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New Report: The White House’s Failure to Fight Fentanyl

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press release

New Report: The White House’s Failure to Fight Fentanyl

May 5, 2022

New Report: The White House’s Failure to Fight Fentanyl As last year’s overdoses exceeded 100,000 deaths, the current administration has failed to adapt life-saving practices in their latest national drug control strategy 

NEW YORK, NY – The United States is in the grips of a deadly drug epidemic. The Centers for Disease Control and Prevention (CDC) recently reported provisional data showing overdose deaths among Americans exceeded 100,000 for the last recorded year. Of those deaths, 77,000 were associated with opioids. Despite this alarming rate, the current White House administration has remained committed to a poorly focused strategy which offers little hope for change. In a new issue brief for the Manhattan Institute, senior fellow Randall Lutter reviews the National Drug Control Strategy (NDCS) the White House released last month, proposing solutions for how policymakers can better tackle this growing crisis. 

Lutter starts by laying out the landscape of drug use in the U.S. and evaluating factors responsible for the uptick in overdoses. He reviews how overdose death from synthetic opioids such as fentanyl have rapidly grown as a share of overall overdoses, while prescription opioid use has more than halved since 2011. But the current administration has failed to focus on the new threat caused by the increased supply of low-cost illicit synthetics like fentanyl, so Lutter details what a better policy response from the federal government should entail. Suggestions include:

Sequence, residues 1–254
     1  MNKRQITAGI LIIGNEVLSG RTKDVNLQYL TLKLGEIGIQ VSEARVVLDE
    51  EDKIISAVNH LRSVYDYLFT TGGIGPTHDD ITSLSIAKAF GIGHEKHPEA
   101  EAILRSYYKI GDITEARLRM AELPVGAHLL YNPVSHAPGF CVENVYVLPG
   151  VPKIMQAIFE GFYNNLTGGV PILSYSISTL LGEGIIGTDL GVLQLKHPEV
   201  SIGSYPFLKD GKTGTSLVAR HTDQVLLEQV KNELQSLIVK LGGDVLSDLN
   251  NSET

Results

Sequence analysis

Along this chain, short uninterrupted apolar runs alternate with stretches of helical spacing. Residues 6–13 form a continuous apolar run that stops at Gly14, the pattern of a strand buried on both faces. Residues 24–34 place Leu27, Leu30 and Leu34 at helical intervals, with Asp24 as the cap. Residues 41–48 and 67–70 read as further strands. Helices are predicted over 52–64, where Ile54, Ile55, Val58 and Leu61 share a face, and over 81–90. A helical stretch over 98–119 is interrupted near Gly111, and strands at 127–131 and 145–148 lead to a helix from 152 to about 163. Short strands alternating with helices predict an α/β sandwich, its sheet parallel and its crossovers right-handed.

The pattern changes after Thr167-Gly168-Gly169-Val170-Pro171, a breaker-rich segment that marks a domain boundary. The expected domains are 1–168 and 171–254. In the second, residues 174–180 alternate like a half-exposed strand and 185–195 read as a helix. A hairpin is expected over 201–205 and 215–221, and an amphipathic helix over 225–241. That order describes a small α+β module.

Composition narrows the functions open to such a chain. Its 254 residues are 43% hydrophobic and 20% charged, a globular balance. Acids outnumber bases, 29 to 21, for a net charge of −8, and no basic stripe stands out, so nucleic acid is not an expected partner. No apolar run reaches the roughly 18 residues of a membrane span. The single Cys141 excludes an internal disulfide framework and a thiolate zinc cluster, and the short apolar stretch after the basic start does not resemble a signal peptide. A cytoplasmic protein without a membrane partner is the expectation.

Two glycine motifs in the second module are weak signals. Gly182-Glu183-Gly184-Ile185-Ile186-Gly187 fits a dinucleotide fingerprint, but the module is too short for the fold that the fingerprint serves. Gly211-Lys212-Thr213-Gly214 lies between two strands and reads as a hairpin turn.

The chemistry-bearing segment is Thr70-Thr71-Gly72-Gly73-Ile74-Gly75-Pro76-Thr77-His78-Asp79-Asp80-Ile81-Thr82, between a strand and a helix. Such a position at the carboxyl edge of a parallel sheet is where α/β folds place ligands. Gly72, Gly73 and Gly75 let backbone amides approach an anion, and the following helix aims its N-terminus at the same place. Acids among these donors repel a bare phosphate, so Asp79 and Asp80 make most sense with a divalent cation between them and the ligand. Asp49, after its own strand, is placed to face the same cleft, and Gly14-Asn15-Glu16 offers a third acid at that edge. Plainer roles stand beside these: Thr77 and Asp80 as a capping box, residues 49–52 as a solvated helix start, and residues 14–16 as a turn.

• The Administration should strengthen a key policy goal of the new NDCS to reduce the supply of illicit drugs by saying by how much the Administration will in fact reduce supply by a given date. The administration must also track and disclose metrics related to purity-adjusted fentanyl quantities seized as well as make specific commitments to significantly increase such seizures. In addition, it needs to compile and report black-market price of fentanyl and other synthetic opioids and make a concrete commitment to significantly raise the street price of such illicit drugs by cutting supply and disrupting the distribution networks.  
  • The Administration should abandon and overrule the CDC’s reluctance to use wastewater-based testing for opioids—a technique already developed for fentanyl and used in Canada to forecast overdoses and death. Adopting wastewater-based testing for opioids would help both law enforcement and public health authorities and would offer a substantial improvement over current surveys of self-reported use, which many users of illicit drugs are reluctant to acknowledge.  

Congress and the White House need to provide a genuine data-driven campaign against dangerous addictive opioids, rather than process-oriented performance “objectives.” Otherwise, ravages from opioid abuse will persist. During the Covid-19 pandemic, federal agencies provided weekly and daily counts of deaths stemming from the virus. If the CDC could provide similar timely information related to drug overdoses, government agencies could more effectively enhance transparency and track improvements.

Click here to read the full issue brief.

Contact:Avery JamesPress Officer(650) 704-6459ajames@manhattan-institute.org

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